Podcast: This month’s podcast is open only to subscribers and purchasers of the issue.

Model Portfolio: There are no changes to the model portfolio this month.

“ eBook – Transition Rates – November 2015” by by Gregor Macdonald – Editor on Ganxy

Solar the Dangerous: October Issue of

Each issue of contains: a Main Essay, the Model Portfolio, the Data Brief, and a link to a Downloadable Podcast. Gregor Macdonald, Editor.

Readers may purchase each issue individually, through Purchase.

Or, readers may also take a 12 month subscription through Monthly eBook  Annual Subscription.

Podcast: This month’s podcast is open to the public. Listen freely here at SoundCloud.

Model Portfolio: There are no changes to the model portfolio this month.

“ eBook – Solar the Dangerous – October 2015” by Gregor Macdonald – Editor on Ganxy

Slow Globe: September Issue of

Each issue of contains: a Main Essay, the Model Portfolio, the Data Brief, and a link to a Downloadable Podcast. Gregor Macdonald, Editor.

Readers may purchase each issue individually, through Purchase.

Or, readers may also take a 12 month subscription through Monthly eBook  Annual Subscription.

Podcast: This month’s podcast is for readers only.

Model Portfolio: There are no changes to the model portfolio this month.

From this month’s issue:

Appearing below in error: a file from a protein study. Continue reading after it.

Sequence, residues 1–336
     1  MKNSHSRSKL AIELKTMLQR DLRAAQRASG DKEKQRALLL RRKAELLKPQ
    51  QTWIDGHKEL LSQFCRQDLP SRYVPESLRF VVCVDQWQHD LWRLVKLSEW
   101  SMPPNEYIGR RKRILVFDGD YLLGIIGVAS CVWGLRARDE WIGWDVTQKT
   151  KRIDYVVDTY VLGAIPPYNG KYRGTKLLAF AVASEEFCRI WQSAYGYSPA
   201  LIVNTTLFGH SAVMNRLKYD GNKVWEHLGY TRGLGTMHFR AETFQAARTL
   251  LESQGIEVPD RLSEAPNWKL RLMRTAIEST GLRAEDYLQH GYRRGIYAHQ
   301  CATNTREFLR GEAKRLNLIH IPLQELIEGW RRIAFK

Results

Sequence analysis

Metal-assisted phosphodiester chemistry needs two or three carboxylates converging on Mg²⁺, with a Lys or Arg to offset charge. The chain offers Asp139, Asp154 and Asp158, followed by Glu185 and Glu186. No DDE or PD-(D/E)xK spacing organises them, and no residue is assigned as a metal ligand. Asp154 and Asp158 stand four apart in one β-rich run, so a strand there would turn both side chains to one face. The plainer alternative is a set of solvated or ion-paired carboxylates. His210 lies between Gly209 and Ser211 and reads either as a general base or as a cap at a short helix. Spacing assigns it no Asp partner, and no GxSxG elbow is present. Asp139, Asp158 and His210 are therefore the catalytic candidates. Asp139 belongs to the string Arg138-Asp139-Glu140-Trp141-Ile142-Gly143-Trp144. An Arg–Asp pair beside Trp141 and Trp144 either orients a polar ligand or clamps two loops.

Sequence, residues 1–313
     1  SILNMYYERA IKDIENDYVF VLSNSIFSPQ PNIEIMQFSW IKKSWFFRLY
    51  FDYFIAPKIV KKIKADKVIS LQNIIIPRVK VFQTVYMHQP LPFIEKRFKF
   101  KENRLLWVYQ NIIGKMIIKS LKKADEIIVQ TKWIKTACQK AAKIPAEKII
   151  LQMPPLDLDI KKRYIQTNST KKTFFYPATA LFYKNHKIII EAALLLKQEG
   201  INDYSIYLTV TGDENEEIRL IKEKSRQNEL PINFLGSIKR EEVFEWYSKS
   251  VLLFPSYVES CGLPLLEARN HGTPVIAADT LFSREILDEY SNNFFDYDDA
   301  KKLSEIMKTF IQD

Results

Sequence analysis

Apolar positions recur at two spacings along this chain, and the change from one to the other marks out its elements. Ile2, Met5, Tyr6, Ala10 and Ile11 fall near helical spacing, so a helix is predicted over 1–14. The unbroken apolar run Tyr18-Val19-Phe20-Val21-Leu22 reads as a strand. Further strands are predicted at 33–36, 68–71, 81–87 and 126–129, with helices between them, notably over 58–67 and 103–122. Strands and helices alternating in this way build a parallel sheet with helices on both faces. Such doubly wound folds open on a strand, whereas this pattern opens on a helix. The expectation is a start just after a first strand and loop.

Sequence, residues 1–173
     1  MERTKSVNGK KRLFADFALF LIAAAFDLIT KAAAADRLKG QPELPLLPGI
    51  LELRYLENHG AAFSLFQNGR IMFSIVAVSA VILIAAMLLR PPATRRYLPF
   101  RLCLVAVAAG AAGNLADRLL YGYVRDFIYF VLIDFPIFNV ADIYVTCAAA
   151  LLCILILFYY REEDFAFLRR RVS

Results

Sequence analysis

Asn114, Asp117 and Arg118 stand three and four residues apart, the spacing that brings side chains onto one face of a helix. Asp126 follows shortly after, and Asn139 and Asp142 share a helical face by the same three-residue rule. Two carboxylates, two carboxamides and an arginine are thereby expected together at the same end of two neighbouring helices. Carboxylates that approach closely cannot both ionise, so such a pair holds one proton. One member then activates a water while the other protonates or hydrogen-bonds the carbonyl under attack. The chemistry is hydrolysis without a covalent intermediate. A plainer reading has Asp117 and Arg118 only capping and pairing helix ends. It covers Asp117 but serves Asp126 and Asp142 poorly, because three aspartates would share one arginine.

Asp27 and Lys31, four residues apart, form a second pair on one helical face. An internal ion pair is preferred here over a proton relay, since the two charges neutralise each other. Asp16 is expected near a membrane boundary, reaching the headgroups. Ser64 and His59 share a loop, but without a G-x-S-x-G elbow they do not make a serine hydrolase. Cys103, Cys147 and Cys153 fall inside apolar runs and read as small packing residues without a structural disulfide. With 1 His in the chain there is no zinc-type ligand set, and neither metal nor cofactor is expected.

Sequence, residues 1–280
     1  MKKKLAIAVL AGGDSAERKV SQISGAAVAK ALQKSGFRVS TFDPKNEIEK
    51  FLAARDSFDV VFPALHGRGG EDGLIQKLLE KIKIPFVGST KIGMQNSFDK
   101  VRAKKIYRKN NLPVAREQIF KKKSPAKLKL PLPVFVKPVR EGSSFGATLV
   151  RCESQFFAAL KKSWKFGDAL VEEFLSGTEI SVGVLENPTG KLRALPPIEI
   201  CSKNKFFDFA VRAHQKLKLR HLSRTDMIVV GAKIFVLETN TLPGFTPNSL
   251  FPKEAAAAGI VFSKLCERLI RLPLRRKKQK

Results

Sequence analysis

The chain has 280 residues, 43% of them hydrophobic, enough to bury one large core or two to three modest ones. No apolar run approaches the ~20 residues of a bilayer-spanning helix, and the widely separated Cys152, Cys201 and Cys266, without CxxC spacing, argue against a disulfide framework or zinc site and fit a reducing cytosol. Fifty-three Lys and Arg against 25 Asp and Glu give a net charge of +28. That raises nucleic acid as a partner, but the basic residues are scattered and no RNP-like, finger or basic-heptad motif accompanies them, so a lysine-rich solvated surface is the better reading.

We know that GDP is a less than perfect measure of a country’s economic performance. We also know that GDP transforms over time, moving from capital intensive manufacturing to intellectual and digital goods. This is why energy consumption can both instruct, but also mislead, when hunting for clues in the economy. That said, global oil consumption in 2014 according to IEA Paris rose just 710 thousand barrels per day, or about 0.77%. BP Statistical Review Data concurs: global oil consumption grew just 0.76% last year. (It should be noted these growth rates are much lower than agency forecasts produced throughout 2014). Closer inspection reveals that US oil demand has never recovered—but has stabilized at lower levels—since the high consumption years of last decade. Despite this, the US has grown GDP roughly from 13 to 17 trillion over the past decade. It’s the position of that the best framework to understand this achievement is through the lens of energy transition. The US is using 1) less total energy, and 2) shifting to the powergrid, as part of a large and new pursuit of natural gas and wind and solar. And there’s at least some evidence that the US is being paid dividends for this transition. While the US will once again not come anywhere close to achieving the FED’s inflation target of 2%, job gains run at a steady pace, and there’s some early indication the labor market is starting to tighten. This may sound underwhelming, but vs. the world the US truly stands out.